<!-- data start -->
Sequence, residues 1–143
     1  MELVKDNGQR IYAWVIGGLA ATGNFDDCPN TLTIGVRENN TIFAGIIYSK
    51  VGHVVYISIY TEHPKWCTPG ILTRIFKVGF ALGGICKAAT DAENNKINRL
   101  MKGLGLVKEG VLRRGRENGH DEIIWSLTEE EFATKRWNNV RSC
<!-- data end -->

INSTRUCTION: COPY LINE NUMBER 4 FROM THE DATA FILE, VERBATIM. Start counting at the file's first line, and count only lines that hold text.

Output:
   101  MKGLGLVKEG VLRRGRENGH DEIIWSLTEE EFATKRWNNV RSC